As it’s Valentine’s Day, I thought I’d share these pictures of us sharing a heart biscuit lollipop the other day at the garden centre cafe with soft play that we like.
On Sunday, the boys looked inside the first stocking on their Advent calendar line of ‘socks’ (as Andrew refers to it); they got a chocolate treat, and we decided that they can take it in turns to consume the contents of the day’s sock – odds for Andrew and evens for Joel. This is our way of counting down the days until Christmas, which will soon be here. I’ve always enjoyed Christmas, and since having children it has become exciting seeing it from a child’s perspective again. The boys love spending time with their grandparents, uncles and aunts, and they get to do a lot of this over Christmas. Of course presents feature quite a lot over the days that we spend with family, and it is lovely to see the genuine joy expressed as a toddler rips the paper off and excitedly looks to see what’s inside.
Although all the celebrations are exciting in themselves, I also hope that my boys will come to understand the reason why we celebrate Christmas. Advent (from the Latin ‘adventus’ meaning ‘coming’) is a time when we as Christians often reflect on how Jesus, God’s son, came into this world as a baby. It was a very low-key event in earthly terms – his teenage mum from Nazereth (a small unassuming village back then) travelled heavily pregnant to Bethlehem to comply with the ruling Roman orders, and gave birth there in a shed of animals; only a few shepherds (who were fairly low in social status back then) heard about the birth immediately and visited soon after. Yet the reason why Jesus came meant that his birth was extraordinary, and certainly something that deserves a huge celebration over 2000 years later.
So why did Jesus come to Earth? The short answer is: because God loves us. Every week at our church, the kids all gather at the front before they go to their groups and we sing an action song together. This Sunday, the first in Advent, the song was a fantastic reminder of God’s love for everyone He’s made – here are the lyrics, and, if you can stand the slight cheesiness, a video of the tune and actions…
Some of us are big and tall
Some of us are very small
Some of us like pink and some like blue
Some of us like reading books
Some of us like feeding ducks
That’s because we’re different, me and you
But God loves everyone he’s made
God loves each of us, in a special way…
That’s you and you and you and you
And you and you and you and you
God loves you! God loves you!
That’s you and you and you and you
And you and you and you and you
We’re part of the big family of God!
Some of us have curly hair
Some of us have specs to wear
All of us have different families
Some of us are very loud
Some of us don’t make a sound
That’s because we’re different, you and me
But God loves everyone he’s made
God loves each of us, in a special way…
[© 2007 Song Solutions Daybreak, www.songsolutions.org, CCLI# 5100093]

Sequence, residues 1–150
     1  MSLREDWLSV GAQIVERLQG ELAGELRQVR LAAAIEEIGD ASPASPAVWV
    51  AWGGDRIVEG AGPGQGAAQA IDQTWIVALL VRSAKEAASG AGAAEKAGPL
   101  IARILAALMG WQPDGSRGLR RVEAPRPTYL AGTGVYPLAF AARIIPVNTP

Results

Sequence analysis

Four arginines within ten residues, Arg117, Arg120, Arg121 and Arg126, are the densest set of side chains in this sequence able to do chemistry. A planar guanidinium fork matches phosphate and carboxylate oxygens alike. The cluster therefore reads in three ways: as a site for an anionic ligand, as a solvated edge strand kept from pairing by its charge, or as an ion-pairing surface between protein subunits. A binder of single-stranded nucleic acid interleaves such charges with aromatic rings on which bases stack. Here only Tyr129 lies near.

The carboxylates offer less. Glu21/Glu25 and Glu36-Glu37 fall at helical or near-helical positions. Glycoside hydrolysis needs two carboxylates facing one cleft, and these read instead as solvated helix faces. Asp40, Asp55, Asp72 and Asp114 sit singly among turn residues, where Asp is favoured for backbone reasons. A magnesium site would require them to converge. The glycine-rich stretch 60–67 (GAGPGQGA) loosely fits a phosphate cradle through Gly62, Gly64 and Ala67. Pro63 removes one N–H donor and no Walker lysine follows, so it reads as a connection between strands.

…One of the points of this song is a very important one for children to pick up – to know they are loved no matter what they look like or what they enjoy doing, because in a world of bullying and peer pressure to conform to what is socially desirable, it’s easy to feel different and left out. And the point in this song that GOD loves everyone no matter who they are is the link back to the reason why Jesus came that first Christmas.
All the bad things, big or little, that we do, think and say in our lives separate us from God who is perfect. But God is not at all happy with that situation, because He loves us so much, and wants us to know Him as our loving Father. So God sent His only son Jesus into this world as a baby, who grew up and showed the people living in the Middle East at the time some signs of what God and Heaven are like, and then was crucified in order to take the punishment for all those bad things WE do on HIMself. But because God is greater than death, Jesus came back to life and beat death. It is through His death and rising again that anyone and everyone who believes in Jesus can know God in a close relationship and ultimately have everlasting life with Him in Heaven. It is through God’s love for us, the fact that He doesn’t want to be separated from us by bad things, that Jesus came.
I have to admit that I’d like to spend more time this Advent reflecting on what Christmas means to me, because with two active boys to look after (one of whom doesn’t sleep beyond 4.30am most days or nap for long at a time), going out and doing all sorts of other stuff, and being somewhere on a continuum of tired to exhausted most of the time recently, I have found it hard to take any opportunity I have each day to sit quietly and pray (and not fall asleep!) So the fact that I have an Advent calendar right in front of me when I sit on the sofa will hopefully serve as a reminder to share my thoughts with Jesus daily, because it really is amazing when I do 🙂
As it’s Valentine’s Day, I thought we’d go for a bit of a wander through my thoughts on ‘lurve’. I’ll start with love as we think of it on Valentine’s Day, and end on the most amazing love I know of, which is for everyone, not just those with a Valentine.